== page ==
Updated content at – Really Search Cache For Execution Plans
Sometimes when I am working with clients I need to take a look at execution plans for different stored procedures. Rather than digging around with SQL Profiler or executing the stored procedures with what I think might be the parameters I like to ‘”return to the source”.
Now I feel like I’m making a lame Matrix reference by mentioning the source. Heck just the mere mention made a neat little picture show up on the blog.
But references aside, going to the execution plan cache is often the best place to go to determine why a stored procedure is performing in a sub-optimal mode. To accomplish this search, I typically use the T-SQL script below.
All that is needed is to replace the parameter values with the name of the database, schema, and/or stored procedure that needs to be found and it will be returned. Leaving one or more of the parameters blank will increase the range of the search.
DECLARE @DatabaseName sysname ,@SchemaName sysname ,@ObjectName sysname SELECT @DatabaseName = '' ,@SchemaName = '' ,@ObjectName = '' ;WITH cteExecInfo (database_name, object_name, execution_count, total_cpu_time, total_physical_reads, total_elapsed_time, sql_text, plan_handle) AS ( SELECT DB_NAME(st.dbid) as database_name ,OBJECT_NAME(st.objectid, st.dbid) as object_name ,qs.execution_count ,SUM(qs.total_worker_time) ,SUM(qs.total_physical_reads) ,SUM(qs.total_elapsed_time) ,st.text ,qs.plan_handle FROM sys.dm_exec_query_stats qs CROSS APPLY sys.dm_exec_sql_text(qs.sql_handle) st WHERE (st.dbid = DB_ID(@DatabaseName) OR DB_ID(@DatabaseName) IS NULL) AND (st.objectid = OBJECT_ID(QUOTENAME(@DatabaseName) + '.' + QUOTENAME(@SchemaName) + '.' + QUOTENAME(@ObjectName)) OR OBJECT_ID(QUOTENAME(@DatabaseName) + '.' + QUOTENAME(@SchemaName) + '.' + QUOTENAME(@ObjectName)) IS NULL) GROUP BY st.dbid, st.objectid, qs.execution_count, st.text, qs.plan_handle ) SELECT cte.database_name ,cte.object_name ,cte.execution_count ,cte.total_cpu_time ,cte.total_physical_reads ,cte.total_elapsed_time ,CAST(cte.total_cpu_time/(cte.execution_count*1.) as decimal(12,2)) as avg_cpu_time ,CAST(cte.total_physical_reads/(cte.execution_count*1.) as decimal(12,2)) as avg_elapsed_time ,CAST(cte.total_elapsed_time/(cte.execution_count*1.) as decimal(12,2)) as avg_elapsed_time ,qp.query_plan ,cte.sql_text FROM cteExecInfo cte OUTER APPLY sys.dm_exec_query_plan(cte.plan_handle) qp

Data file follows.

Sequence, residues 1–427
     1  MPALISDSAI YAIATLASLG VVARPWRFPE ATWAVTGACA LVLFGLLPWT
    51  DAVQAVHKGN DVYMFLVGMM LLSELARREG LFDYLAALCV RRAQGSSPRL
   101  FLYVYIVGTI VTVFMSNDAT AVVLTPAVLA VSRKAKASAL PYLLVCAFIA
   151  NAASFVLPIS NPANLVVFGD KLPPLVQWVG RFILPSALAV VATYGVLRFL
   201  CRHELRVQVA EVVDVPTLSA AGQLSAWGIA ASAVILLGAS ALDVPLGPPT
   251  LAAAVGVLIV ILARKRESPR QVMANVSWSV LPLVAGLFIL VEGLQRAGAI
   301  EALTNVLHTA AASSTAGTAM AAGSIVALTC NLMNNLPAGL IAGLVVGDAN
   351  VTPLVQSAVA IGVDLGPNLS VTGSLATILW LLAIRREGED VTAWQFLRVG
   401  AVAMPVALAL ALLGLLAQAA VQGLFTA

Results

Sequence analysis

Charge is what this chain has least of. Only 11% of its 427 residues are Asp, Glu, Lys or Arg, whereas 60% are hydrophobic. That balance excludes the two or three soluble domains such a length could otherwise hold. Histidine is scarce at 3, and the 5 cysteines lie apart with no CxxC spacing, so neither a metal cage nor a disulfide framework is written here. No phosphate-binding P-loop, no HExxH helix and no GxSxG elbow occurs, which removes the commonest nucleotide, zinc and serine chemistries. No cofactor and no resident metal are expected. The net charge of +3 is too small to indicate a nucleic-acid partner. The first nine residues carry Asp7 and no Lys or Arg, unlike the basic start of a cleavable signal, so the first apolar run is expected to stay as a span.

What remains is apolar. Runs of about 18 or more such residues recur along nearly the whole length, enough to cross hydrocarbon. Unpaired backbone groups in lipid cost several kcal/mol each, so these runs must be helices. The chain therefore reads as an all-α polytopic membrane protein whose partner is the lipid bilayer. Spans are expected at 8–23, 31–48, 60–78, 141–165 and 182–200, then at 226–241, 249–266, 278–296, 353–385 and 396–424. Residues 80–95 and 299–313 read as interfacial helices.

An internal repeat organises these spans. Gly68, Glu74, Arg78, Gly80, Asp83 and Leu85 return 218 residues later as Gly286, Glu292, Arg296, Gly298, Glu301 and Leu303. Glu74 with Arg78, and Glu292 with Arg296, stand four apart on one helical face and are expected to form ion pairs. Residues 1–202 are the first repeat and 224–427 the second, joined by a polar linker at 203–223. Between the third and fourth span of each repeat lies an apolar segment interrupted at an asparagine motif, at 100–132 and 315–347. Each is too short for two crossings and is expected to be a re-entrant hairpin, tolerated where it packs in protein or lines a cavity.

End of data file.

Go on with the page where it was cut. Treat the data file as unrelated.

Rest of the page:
The script isn’t exactly perfect, since sys.dm_exec_query_stats aggregates at the statement level there is a good likelihood with some stored procedures will aggregate incorrectly. If a stored procedure splits between multiple T-SQL statements due to conditional logic (IF statements) each previously executed possible T-SQL statement will be in the DMV. But I wanted aggregations so that I could make rough estimates of which plans were performing less optimally than others so they are there. (I feel like I just said nanner, nanner). Anyways – don’t use this aggregations for reporting.
If anyone finds this useful or has any suggestions, let me know. For more information on DMVs, take a look at Troubleshooting Performance Problems in SQL Server 2005. This is the source document that I’ve used over the last year or so to learn about DMVs.